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How many have you got?

Friends Liz Davies investigates....

How many do we need and where do we find them?


Friends How many have you got? How many do we need and how do we find them?

Liz Davies investigates.......


All Rights Reserved. No part of this publication may be reproduced in any form or by any means, including scanning, photocopying, or otherwise without prior written permission of the copyright holder. Copyright Š 2014


For Marie Luisa, my friend through thick and thin. And for Hilary too – cousin, friend and saint.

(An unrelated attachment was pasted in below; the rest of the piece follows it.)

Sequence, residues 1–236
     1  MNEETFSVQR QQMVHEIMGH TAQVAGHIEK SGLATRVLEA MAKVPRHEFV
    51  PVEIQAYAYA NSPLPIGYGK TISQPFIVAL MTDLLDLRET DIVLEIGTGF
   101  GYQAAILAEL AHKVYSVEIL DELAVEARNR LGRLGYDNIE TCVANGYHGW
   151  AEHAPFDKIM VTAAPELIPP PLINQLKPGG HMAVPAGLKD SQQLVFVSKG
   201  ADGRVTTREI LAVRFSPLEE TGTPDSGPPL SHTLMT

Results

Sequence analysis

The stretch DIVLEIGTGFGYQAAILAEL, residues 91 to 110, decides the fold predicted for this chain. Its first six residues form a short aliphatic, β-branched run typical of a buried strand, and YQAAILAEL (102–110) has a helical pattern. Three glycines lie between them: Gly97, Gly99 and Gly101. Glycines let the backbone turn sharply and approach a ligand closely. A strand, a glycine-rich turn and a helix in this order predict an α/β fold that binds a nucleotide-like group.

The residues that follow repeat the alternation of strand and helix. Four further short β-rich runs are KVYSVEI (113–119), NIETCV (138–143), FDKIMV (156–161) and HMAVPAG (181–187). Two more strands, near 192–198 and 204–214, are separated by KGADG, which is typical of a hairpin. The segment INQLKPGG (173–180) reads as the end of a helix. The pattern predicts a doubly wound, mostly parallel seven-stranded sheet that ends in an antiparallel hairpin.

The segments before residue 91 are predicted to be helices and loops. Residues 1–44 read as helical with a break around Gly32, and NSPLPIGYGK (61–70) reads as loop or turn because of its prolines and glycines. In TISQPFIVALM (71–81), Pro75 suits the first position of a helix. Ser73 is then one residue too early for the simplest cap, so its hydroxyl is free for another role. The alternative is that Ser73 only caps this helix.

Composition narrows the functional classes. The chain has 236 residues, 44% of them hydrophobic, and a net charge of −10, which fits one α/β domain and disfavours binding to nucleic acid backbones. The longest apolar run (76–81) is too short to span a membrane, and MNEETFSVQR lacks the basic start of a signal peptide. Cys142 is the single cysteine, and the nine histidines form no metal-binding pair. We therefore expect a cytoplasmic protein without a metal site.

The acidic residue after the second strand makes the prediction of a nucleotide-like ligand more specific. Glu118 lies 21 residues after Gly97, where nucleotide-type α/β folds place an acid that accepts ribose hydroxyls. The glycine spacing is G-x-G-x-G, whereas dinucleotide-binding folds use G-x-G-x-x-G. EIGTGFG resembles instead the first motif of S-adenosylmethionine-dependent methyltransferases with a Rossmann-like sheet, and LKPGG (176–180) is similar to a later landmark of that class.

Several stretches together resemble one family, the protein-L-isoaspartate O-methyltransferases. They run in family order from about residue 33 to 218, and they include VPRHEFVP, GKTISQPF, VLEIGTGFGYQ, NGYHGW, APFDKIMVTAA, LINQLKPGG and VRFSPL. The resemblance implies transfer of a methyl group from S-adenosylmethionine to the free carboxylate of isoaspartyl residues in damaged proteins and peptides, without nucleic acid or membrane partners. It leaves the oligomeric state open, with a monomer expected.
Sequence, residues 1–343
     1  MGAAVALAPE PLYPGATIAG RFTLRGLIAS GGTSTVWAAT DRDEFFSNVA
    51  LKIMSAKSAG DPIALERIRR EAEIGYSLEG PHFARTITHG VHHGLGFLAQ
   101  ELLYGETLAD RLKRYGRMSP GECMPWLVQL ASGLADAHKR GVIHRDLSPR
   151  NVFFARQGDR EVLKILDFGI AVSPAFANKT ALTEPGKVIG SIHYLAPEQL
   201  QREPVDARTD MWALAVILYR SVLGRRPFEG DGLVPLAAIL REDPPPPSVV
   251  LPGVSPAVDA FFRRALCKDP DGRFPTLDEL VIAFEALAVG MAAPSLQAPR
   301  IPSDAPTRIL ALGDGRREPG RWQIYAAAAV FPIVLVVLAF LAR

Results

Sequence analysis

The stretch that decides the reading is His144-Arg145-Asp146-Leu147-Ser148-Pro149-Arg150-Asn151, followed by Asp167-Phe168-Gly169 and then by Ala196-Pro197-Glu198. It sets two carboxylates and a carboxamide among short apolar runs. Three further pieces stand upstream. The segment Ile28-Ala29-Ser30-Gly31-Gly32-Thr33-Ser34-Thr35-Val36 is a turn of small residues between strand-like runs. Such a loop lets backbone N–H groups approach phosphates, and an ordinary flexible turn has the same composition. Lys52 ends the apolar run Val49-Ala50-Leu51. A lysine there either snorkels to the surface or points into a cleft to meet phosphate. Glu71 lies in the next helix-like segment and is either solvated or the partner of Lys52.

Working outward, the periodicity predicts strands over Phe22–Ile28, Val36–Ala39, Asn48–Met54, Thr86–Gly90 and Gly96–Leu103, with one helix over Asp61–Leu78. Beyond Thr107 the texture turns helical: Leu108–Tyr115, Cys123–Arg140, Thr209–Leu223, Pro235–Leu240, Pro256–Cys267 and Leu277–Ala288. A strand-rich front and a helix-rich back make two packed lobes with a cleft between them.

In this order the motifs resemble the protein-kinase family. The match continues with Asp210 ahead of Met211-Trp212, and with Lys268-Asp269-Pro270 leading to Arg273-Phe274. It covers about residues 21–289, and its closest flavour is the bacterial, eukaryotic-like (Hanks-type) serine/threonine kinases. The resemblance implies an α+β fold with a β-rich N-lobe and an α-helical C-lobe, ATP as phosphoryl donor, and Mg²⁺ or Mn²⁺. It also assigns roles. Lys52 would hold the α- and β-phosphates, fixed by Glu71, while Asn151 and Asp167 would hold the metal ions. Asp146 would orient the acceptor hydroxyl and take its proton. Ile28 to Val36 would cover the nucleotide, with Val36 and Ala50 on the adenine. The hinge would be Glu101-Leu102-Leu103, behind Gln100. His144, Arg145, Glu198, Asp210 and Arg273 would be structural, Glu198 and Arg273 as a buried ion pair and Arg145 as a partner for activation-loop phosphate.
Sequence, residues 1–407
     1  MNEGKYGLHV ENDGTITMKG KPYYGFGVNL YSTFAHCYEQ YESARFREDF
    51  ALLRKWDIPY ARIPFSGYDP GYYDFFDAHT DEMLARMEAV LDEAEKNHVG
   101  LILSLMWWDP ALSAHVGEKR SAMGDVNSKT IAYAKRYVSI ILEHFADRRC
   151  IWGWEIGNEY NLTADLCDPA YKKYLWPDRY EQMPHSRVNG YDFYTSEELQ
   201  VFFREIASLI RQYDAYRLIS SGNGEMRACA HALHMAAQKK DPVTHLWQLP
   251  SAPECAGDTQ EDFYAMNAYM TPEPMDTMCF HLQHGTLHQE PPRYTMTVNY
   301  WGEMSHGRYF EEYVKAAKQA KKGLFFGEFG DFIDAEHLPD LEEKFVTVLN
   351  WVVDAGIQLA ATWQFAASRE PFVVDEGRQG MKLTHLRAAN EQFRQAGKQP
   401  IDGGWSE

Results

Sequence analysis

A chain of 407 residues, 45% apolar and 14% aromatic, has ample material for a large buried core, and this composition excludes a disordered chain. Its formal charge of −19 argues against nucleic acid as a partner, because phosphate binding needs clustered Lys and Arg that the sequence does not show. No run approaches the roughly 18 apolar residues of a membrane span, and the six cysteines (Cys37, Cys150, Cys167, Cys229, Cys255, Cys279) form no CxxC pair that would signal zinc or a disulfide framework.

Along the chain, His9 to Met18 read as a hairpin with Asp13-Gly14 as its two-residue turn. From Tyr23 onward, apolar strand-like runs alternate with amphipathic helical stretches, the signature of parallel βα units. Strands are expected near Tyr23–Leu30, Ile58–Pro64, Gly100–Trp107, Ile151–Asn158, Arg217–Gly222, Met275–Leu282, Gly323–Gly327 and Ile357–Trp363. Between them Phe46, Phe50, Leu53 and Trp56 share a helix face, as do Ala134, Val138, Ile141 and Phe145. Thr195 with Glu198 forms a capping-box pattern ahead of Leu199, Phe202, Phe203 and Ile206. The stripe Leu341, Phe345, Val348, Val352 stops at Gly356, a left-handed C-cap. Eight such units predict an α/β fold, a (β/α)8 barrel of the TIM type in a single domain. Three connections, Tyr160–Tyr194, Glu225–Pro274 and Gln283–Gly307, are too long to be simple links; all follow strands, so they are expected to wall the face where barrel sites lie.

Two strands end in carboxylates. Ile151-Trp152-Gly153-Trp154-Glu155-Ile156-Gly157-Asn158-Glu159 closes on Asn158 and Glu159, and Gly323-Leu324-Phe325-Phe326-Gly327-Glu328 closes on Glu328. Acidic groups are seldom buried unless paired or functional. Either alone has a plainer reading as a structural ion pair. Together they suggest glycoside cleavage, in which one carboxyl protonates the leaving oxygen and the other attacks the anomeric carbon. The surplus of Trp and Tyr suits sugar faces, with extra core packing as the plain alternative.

Table of contents

CHAPTER 1: THE SEARCH BEGINS CHAPTER 2: THE SEARCH INTENSIFIES CHAPTER 3: WHAT IS THIS THING CALLED FRIENDSHIP? CHAPTER 4: HAVING FRIENDS CHAPTER 5: BEING FRIENDS CHAPTER 6: FALTERING FRIENDSHIPS; FRIENDSHIPS THAT FAIL CHAPTER 7: WHAT THE PHILOSPHERS SAY CHAPTER 8: THE JOYS AND DELIGHTS OF FRIENDSHIP CHAPTER 9: PETS, ROBOTS, ANIMAL FRIENDS AND MECHANISED COMPANIONS